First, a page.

Big organisations, governments, conglomerates, corporations, institutions, government departments, trade unions, professional bodies, or religious orders — certainly the managerial wings of religions — are usually reluctant to admit error. Acknowledging a mistake, no matter how consequential, is avoided so the organisation’s reputation might be, in the longer term when we’ve forgotten whatever scandal was in play, preserved.
Many times during the recent exchanges between Bob Geldof and Dublin City Council on the heated issue of sharing the Freedom of the City of Dublin with Myanmar leader Aung San Suu Kyi, Mr Geldof reminded us ad nauseam that he is a proud ‘Dub’.
Amnesty International has claimed that Myanmar security forces and local vigilante mobs are still burning Rohingya villages in Burma, despite assertions by the country's leader Aung San Suu Kyi that they had stopped.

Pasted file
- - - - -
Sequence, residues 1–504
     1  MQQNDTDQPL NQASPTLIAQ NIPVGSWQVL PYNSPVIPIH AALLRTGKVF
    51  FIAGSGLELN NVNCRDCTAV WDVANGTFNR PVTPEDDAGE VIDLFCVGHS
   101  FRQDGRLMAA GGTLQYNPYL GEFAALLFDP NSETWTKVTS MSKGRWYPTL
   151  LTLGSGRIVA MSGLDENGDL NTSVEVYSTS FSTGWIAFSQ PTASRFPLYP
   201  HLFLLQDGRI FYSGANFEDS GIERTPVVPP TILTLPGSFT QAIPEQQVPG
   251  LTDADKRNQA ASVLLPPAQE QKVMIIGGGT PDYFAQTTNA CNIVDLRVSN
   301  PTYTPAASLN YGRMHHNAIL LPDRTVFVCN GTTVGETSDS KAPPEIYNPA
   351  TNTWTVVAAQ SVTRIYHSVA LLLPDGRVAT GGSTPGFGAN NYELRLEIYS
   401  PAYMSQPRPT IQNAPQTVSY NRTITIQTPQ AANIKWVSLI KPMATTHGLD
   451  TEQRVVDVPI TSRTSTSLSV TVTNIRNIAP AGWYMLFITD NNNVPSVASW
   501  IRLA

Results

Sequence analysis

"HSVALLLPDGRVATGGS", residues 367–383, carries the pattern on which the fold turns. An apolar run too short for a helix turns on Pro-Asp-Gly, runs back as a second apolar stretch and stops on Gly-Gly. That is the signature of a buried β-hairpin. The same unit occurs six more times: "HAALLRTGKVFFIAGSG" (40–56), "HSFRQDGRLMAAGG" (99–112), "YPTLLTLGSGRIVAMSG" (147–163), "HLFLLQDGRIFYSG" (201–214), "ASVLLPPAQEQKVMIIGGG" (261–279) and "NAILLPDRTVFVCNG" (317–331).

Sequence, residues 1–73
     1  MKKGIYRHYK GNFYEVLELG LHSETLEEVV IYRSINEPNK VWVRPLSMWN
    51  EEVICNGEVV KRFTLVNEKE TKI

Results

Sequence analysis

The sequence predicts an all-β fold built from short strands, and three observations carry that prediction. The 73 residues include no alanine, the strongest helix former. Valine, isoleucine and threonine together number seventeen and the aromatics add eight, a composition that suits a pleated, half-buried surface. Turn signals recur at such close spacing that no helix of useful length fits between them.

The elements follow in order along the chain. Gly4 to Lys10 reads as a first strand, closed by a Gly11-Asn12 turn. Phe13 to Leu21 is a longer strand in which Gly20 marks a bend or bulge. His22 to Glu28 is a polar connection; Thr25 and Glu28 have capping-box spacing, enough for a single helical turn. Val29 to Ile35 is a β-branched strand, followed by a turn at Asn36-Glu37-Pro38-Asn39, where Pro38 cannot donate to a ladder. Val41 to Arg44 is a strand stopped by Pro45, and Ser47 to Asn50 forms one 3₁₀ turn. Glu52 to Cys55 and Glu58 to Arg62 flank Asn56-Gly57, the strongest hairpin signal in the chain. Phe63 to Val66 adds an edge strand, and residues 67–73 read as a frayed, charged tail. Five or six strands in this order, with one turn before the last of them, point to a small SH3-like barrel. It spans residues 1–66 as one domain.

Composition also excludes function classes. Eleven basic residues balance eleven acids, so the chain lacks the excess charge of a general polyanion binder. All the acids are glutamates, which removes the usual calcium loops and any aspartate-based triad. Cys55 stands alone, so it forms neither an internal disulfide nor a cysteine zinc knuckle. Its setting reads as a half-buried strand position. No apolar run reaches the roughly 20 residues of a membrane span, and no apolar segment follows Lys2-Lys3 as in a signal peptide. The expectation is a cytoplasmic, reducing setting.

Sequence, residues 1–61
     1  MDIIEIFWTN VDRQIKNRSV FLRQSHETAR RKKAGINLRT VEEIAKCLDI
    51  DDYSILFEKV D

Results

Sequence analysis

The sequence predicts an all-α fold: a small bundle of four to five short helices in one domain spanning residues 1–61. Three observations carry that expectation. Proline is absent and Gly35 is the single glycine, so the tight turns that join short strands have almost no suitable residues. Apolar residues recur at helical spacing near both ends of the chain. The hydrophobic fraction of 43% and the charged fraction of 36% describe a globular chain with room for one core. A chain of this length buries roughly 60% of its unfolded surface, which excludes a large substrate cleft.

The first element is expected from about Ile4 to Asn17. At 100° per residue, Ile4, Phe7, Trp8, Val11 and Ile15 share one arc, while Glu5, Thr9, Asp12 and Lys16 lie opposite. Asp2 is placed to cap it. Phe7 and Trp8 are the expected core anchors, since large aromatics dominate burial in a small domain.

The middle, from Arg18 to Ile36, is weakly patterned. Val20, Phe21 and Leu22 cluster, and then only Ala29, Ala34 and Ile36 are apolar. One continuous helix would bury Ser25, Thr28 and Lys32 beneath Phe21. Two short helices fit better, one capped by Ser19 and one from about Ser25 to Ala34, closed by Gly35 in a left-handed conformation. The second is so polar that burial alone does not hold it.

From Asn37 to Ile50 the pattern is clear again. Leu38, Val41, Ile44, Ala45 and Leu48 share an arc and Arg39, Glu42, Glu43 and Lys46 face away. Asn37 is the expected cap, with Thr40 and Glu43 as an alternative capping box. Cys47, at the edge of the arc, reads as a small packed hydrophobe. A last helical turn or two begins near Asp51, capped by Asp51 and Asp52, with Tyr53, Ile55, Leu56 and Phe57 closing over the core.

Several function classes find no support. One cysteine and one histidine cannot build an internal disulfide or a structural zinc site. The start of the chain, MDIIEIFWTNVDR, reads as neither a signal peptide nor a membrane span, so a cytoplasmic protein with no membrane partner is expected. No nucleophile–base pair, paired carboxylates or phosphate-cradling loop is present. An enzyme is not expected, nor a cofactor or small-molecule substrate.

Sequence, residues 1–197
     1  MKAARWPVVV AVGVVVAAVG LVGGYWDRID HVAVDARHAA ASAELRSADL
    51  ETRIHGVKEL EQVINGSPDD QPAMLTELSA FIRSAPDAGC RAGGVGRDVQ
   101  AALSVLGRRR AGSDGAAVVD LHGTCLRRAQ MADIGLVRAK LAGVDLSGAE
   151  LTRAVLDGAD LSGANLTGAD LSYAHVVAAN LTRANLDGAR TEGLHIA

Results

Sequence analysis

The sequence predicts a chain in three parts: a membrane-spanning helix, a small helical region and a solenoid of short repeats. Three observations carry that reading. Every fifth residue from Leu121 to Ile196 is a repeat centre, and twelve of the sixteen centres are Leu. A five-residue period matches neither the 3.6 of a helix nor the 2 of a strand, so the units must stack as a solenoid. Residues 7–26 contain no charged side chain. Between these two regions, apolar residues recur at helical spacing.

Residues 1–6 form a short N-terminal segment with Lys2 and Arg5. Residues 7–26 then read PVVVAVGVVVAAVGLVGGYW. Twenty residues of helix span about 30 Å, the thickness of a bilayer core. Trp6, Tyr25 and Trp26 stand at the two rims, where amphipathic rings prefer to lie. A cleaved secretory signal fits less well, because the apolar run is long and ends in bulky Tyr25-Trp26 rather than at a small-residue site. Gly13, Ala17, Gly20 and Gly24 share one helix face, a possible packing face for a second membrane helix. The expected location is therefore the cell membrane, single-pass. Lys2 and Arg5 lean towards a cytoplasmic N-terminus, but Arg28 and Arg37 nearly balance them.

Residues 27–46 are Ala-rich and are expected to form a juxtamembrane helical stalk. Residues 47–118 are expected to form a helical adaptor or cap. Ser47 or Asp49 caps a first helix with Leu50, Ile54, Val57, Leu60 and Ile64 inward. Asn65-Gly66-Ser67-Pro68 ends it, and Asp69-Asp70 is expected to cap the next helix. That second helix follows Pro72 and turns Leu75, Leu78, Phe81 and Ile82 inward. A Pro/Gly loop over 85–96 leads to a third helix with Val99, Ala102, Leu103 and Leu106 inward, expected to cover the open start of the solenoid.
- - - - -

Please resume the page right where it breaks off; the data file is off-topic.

Many believed nobel laureate Aung San Suu Kyi had the qualities of which greatness are made. Perhaps, in hindsight, it is now clear Mammmy Suu only had the qualities of which power is made, argues
Burmese leader Aung San Suu Kyi has cancelled plans to attend the UN General Assembly, a government spokesman said as the country draws international criticism over violence against ethnic Rohingya Muslims.
Burma’s transition to greater democracy after decades of military rule surged ahead as opposition leader Aung San Suu Kyi’s party continued its election sweep and the government promised a peaceful transition of power.
AS the drama of the CAO third-level places unfolded this week, I thought about what Burmese pro-democracy advocate, Aung San Suu Kyi, said in Strasbourg last year when accepting a prize for promoting freedom of thought: "I’ve always said there’s no hope without endeavour. Hope has no meaning unless we are prepared to work to realise our hopes and dreams, but in order to do that we need friends."